As popular as Mexican bottles of Coke among certain purists are Mexican bottle rockets—crown king of fireworks and hailing from Tultepec, about an hour outside of Mexico City. Tultepec, otherwise not known for its look-at-me displays, is the hub of the Mexican pyrotechnics industry, producing more than 80 percent of the country’s fireworks and employing an estimated 80 percent of the town’s population.
Every year for the first week in March the town succumbs to its explosive personality for the National Pyrotechnic Festival. The festival honors San Juan de Dios, the patron saint of the city—also the patron saint of fireworks, firemen, hospitals and alcoholics (a riotous but highly practical group). It includes some seriously dedicated fireworks choreography and contests to build mini castles designed to sizzle up in sparks. The fiesta culminates with a major wattage event: The Running of the Toros. A convoy of 250 bull-shaped wooden frames outfitted with 4,000 fireworks parades down the center of town, as a crowd of feverishly excited onlookers line the streets, edging up as close to the heat as possible without getting burned.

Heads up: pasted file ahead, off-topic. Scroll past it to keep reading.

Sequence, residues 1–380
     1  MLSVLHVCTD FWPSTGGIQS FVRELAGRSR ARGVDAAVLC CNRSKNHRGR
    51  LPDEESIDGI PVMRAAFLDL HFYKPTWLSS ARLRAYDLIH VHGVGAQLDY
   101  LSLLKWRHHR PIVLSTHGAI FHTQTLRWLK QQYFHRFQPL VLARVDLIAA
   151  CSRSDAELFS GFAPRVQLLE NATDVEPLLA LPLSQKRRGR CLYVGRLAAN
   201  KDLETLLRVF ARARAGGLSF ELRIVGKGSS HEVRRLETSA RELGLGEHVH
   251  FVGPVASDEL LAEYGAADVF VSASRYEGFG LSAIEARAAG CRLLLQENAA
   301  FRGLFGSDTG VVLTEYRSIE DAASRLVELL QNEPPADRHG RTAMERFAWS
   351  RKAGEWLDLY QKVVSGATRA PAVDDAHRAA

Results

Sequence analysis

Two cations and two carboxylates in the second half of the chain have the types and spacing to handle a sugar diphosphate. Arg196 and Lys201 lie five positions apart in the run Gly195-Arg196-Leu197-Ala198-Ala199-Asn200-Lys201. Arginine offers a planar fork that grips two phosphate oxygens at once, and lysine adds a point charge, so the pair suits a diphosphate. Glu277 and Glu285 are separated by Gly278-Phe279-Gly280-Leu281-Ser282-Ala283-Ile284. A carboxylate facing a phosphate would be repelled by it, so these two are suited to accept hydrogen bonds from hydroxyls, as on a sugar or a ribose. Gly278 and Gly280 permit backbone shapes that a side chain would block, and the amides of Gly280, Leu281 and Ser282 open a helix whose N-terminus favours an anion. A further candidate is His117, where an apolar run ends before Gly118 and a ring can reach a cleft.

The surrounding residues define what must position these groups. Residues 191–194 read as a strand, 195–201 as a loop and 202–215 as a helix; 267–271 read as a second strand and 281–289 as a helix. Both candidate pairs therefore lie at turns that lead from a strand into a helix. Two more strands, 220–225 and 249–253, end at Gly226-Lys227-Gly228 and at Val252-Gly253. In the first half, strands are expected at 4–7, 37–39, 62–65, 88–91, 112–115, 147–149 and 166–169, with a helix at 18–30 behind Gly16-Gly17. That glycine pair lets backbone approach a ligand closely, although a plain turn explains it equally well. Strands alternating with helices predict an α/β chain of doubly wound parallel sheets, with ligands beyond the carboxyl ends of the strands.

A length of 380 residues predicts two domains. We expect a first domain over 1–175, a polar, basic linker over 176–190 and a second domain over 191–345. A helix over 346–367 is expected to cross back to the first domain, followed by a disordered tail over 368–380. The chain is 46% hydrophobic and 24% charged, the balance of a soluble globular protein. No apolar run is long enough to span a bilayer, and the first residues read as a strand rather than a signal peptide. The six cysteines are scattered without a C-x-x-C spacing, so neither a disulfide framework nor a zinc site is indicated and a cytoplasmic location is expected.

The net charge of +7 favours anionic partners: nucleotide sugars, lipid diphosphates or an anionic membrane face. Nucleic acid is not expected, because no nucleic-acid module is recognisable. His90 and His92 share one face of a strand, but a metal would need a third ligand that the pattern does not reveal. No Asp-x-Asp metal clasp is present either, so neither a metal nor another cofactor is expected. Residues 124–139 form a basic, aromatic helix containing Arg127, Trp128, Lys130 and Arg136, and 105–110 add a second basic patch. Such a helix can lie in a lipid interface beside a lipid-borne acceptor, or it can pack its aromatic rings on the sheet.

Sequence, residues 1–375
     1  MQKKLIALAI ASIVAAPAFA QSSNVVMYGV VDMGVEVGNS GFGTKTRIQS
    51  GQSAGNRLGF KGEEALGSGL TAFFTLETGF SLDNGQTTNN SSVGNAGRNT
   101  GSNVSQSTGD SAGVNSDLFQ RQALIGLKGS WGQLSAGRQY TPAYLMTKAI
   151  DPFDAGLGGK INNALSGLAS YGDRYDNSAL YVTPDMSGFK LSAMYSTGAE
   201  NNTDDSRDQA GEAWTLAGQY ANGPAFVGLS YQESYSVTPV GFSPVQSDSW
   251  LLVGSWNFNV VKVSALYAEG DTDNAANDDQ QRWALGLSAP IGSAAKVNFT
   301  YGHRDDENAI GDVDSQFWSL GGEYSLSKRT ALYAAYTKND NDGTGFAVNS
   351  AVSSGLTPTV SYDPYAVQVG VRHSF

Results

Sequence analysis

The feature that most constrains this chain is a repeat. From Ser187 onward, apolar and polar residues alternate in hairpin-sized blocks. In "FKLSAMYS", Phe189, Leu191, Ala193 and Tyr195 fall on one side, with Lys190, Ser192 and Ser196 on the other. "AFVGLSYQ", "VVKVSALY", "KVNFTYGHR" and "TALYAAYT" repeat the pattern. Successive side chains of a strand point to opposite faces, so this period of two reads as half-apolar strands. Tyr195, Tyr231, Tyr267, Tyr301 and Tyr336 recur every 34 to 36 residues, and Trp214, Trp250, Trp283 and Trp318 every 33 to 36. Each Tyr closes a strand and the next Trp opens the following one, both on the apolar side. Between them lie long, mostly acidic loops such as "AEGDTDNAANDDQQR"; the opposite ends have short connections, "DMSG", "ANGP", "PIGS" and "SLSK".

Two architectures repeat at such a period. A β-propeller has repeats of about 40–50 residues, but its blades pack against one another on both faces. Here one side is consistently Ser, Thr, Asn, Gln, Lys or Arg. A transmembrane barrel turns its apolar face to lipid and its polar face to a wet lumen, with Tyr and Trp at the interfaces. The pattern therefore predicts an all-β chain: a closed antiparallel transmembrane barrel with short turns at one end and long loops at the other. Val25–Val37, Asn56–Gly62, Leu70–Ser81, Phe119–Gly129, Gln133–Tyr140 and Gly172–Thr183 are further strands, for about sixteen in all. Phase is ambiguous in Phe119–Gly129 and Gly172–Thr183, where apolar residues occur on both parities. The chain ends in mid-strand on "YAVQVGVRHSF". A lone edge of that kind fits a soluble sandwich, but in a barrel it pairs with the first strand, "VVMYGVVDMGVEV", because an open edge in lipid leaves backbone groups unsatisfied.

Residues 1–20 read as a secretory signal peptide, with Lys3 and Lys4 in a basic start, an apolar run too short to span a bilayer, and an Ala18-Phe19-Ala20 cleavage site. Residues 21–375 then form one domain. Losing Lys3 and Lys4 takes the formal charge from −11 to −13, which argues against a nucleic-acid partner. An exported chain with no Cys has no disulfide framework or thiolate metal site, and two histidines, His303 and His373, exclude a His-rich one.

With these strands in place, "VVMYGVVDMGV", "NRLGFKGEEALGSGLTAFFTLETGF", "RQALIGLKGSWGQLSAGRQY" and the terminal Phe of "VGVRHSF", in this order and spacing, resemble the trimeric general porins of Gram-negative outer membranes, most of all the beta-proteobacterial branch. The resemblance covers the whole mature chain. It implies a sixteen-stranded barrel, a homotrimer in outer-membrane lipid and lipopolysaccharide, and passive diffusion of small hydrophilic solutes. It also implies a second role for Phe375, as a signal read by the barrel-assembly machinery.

New York-based photographer Thomas Prior ventured south this year to photograph the tradition. At first blush, the explosions in Prior’s photos could be outright deadly, street bombs, or random acts of terror. Look a little more closely and the images show that this is a vibrant celebration, albeit a chaotic one cut from the same wild cloth as Mardi Gras. You have to love not only fireworks but flirting with danger. A few hundred people are injured each year, and there was a death in 2010 (though it was the first reported in decades). Pray to San Juan de Dios.
[h/t Huh. Magazine]